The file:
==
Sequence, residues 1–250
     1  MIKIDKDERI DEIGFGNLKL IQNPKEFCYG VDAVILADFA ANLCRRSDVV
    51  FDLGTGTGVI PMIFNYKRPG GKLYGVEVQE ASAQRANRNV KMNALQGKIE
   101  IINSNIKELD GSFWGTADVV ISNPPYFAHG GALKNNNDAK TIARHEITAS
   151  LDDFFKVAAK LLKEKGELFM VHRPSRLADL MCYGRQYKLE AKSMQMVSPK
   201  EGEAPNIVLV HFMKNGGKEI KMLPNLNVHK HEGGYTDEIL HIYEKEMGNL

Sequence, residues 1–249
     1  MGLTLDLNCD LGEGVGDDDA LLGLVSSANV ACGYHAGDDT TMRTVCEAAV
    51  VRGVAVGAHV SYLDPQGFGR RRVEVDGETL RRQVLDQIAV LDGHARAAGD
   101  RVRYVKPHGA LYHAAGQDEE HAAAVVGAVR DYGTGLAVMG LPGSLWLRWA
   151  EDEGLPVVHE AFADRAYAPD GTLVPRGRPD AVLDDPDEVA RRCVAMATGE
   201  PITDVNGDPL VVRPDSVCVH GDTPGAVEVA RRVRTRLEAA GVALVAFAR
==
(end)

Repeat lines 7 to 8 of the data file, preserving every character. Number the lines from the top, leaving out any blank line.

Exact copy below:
Sequence, residues 1–249
     1  MGLTLDLNCD LGEGVGDDDA LLGLVSSANV ACGYHAGDDT TMRTVCEAAV